Major Insurer Stops Coverage for Compounded Drugs

Major Insurer Stops Coverage for Compounded Drugs

June 14th, 2013 // 1:38 pm @

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We now have some new fall out from the scandal involving compounding pharmacies. Harvard Pilgrim Health Care, one of the biggest insurance companies in New England, is not going to cover specialty compounded medications because of cost and safety concerns, according to the Boston Globe this week. You will not be surprised to learn that the move has upset both pharmacists and advocates for patients.

This decision comes on the heels of a serious fungal meningitis outbreak in the US, which had 750 cases and 58 deaths. Some have called it the worst health care crisis in the US in at least 30 years. This outbreak caused there to be more efforts from FDA and state agencies to boost oversight of compounding pharmacies. Congress also is considering adding more oversight and giving FDA more authority in this area.

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Harvard Pilgrim sent a letter to members this week and said that it will stop coverage in August. It will consider appeals on a case by case basis. Doctors will have to send information about the drug, including its ingredients and other prescription drugs that the have been used to attempt to treat the patient’s condition.

The insurer came to this decision after a safety review that was started after the outbreak of spinal meningitis. It was eventually trace to the new England Compounding Center. It found that most of the insurance claims for the drugs were for medications that shouldn’t have been covered in the first place. Some of these included cosmetics, aging and weight loss treatment drugs, as well as homeopathic medications.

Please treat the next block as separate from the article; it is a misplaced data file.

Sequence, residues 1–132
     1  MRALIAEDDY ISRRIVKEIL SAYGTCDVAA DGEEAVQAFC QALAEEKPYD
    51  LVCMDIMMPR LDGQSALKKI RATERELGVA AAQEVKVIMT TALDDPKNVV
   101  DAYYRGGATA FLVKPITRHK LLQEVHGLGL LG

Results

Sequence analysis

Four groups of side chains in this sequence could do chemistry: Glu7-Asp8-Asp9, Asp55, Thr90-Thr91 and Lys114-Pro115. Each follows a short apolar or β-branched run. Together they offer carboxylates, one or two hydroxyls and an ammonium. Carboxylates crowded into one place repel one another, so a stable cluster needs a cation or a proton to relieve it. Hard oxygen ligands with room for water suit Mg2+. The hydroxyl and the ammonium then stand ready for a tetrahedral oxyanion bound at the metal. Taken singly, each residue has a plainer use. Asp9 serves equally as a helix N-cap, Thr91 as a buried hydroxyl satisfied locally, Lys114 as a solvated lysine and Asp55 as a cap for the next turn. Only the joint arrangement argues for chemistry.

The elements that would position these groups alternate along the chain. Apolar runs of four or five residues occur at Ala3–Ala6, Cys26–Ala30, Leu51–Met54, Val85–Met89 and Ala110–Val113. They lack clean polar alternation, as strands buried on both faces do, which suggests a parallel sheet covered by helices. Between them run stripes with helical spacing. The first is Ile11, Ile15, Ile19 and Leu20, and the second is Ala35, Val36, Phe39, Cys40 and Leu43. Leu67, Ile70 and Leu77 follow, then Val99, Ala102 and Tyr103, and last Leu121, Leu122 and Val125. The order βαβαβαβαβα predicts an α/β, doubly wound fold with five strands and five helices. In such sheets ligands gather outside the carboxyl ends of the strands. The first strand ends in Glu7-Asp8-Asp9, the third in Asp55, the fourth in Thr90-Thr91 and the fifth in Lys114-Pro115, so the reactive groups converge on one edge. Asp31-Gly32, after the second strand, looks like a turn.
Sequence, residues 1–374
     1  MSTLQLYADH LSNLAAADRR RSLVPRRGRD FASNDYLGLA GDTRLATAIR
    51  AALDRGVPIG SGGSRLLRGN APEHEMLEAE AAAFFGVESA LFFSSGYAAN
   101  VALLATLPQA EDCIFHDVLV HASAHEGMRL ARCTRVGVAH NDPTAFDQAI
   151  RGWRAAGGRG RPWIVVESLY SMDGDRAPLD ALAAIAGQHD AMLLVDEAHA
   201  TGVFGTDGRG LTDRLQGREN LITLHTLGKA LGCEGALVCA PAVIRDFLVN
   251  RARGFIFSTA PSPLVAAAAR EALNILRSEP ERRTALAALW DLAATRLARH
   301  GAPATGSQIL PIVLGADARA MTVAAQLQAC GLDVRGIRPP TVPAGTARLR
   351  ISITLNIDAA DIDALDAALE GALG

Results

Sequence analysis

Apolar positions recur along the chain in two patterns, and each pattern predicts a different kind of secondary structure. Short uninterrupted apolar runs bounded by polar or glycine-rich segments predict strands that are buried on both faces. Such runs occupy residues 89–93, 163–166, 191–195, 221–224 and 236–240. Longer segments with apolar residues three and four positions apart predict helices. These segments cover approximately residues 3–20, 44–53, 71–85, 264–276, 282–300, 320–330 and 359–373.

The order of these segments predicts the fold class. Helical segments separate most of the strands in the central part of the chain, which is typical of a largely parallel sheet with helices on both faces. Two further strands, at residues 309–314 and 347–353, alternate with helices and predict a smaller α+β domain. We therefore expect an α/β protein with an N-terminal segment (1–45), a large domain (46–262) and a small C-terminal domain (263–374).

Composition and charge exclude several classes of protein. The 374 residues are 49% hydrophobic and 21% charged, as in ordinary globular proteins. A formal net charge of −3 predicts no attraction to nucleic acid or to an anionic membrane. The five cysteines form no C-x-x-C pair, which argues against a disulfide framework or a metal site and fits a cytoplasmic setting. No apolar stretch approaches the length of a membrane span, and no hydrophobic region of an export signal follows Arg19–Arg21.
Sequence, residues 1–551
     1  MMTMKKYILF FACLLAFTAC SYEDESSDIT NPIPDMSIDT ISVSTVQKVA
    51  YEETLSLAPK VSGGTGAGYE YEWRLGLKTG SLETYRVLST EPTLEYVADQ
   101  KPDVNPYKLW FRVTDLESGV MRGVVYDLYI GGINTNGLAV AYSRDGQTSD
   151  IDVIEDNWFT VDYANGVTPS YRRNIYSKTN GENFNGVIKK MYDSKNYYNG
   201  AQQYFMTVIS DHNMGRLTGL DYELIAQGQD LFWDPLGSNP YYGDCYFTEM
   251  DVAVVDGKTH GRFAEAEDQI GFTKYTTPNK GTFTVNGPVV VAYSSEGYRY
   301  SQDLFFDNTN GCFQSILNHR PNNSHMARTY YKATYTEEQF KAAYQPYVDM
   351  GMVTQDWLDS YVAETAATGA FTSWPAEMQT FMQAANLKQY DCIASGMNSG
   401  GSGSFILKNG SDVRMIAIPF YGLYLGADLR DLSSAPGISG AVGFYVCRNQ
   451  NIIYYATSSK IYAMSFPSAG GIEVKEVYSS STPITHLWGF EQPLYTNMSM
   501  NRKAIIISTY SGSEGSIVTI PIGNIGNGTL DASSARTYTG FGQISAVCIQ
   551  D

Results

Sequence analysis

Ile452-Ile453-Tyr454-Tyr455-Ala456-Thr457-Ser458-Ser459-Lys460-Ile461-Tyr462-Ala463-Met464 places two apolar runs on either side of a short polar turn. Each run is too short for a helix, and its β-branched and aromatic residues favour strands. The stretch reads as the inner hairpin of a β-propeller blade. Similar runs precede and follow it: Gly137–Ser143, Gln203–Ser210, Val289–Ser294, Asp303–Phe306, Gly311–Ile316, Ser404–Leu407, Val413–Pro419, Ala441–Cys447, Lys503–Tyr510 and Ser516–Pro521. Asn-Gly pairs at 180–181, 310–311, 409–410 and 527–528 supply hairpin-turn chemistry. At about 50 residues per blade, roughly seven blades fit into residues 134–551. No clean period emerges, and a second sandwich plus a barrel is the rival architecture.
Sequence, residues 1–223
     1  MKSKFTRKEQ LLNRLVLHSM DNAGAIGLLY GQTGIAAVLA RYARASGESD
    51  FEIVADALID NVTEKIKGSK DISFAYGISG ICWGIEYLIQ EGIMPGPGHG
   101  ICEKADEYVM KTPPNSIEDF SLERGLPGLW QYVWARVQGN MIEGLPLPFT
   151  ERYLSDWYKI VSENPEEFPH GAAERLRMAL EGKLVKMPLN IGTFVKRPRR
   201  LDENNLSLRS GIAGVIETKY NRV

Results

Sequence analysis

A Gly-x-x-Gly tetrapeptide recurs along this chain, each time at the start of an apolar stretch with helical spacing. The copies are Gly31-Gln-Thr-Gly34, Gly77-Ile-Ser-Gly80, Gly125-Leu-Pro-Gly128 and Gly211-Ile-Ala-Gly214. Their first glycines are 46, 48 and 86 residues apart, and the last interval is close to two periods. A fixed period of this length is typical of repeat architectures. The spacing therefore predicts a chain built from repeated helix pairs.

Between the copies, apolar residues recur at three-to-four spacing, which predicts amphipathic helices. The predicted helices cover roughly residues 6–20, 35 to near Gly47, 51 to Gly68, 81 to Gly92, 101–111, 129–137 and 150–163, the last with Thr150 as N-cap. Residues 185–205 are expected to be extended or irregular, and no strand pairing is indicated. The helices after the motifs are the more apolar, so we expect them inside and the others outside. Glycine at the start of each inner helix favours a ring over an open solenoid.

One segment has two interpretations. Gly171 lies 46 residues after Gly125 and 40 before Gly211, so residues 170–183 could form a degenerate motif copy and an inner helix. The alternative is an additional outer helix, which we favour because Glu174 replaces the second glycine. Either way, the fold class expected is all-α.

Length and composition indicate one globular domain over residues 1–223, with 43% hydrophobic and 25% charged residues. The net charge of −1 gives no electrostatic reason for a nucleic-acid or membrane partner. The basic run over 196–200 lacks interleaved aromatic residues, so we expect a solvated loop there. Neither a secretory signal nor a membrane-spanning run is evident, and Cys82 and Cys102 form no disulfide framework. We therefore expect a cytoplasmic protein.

The chief medical officer at the insurer, Michael Sherman, said that the company is not trying to deny care. It is trying to cut costs that do not add value for customers. The company did say that it will pay for compounded drugs for those under 18, because their usage is medically necessary for young people. Sometimes they need drugs in different dosages, or a liquefied form is not currently on the market.

During the last 180 days, Harvard Pilgrim stated that 4200 of members older than 18 had prescriptions for compounded medications. In the last year, it saw an increase of 170% in compounded drug claims, which was a three fold hike in costs.

We are not sure how many other insurers are going to make the same decision, but the outbreak of meningitis is encouraging other payers to look at their coverage.

Some say the move by Harvard Pilgrim is disingenuous at best. If there are safety problems, why is coverage continuing for children? One organization, Massachusetts Independent Pharmacists Assn, stated this week that children are treated with a compounded drug until 18, and then when they are 18, they are denied coverage. It doesn’t make a lot of sense, a spokesman told the Globe.

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